Beijing, 18 January 2013
Readers of my posts will know that I walk along a piece of canal on my way to and from the office. During these walks, I watch how the change of seasons are reflected – literally and figuratively – in the waters of the canal and the willows that grow along its edge. This year, winter came flurrying in with a blustery storm in late November which damaged a number of the willows along the canal.
Then came a snowstorm, which left a modest covering of snow and which quickly disappeared. Thereafter, the temperatures plunged and the canal froze over. With no snow, the ice was initially buffed clean by the wind, but the wind soon died down and over a period of a week or so a thin layer of dust settled on the ice’s surface; winter is very dry in Beijing. One morning, as I turned off the bridge to start my walk along the canal, I noticed faintly etched in the dust a Chinese character. I was intrigued. What had been written? A name? Two names, united in love? Or something stupid like “Wash me”? Or worse?! Given my illiteracy in Chinese, I had no idea. So I took a photo.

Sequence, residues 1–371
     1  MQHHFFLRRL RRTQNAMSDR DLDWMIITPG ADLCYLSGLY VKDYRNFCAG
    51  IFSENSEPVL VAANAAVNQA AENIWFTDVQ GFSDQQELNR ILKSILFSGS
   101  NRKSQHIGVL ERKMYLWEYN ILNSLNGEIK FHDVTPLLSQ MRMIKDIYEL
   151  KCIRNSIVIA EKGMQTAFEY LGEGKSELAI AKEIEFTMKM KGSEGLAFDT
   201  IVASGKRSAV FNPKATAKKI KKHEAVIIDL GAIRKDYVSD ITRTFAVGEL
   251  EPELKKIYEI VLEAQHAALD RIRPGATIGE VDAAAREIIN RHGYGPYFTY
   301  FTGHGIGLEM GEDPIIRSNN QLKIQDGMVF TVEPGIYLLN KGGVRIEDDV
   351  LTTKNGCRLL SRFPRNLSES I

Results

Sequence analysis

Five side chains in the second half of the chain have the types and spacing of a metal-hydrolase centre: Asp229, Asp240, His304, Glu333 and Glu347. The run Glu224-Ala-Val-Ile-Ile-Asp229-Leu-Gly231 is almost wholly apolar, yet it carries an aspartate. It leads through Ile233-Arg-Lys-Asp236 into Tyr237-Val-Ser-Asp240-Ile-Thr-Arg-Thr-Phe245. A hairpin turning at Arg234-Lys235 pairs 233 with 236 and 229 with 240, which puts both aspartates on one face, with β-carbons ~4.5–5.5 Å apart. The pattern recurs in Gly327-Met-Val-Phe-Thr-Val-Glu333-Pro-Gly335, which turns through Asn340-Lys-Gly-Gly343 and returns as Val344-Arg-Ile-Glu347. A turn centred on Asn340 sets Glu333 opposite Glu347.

I showed it to my Chinese secretary. She studied the photo a minute and said “it says, qīng.”
And what does it mean, I asked?
Clear, pure, clean, she told me. Peaceful, also.
Clear, pure, clean, peaceful … The writer must have been feeling good when he wrote it. Was it love? Just a happy moment? Whatever it was, I thank him. Later wind has effaced the character, but every time I walk past the spot I get a warm feeling.
Since writing this, snow has fallen and has covered the canal’s ice with a thin coating of snow. Someone went out and wrote in the snow. This one I could read: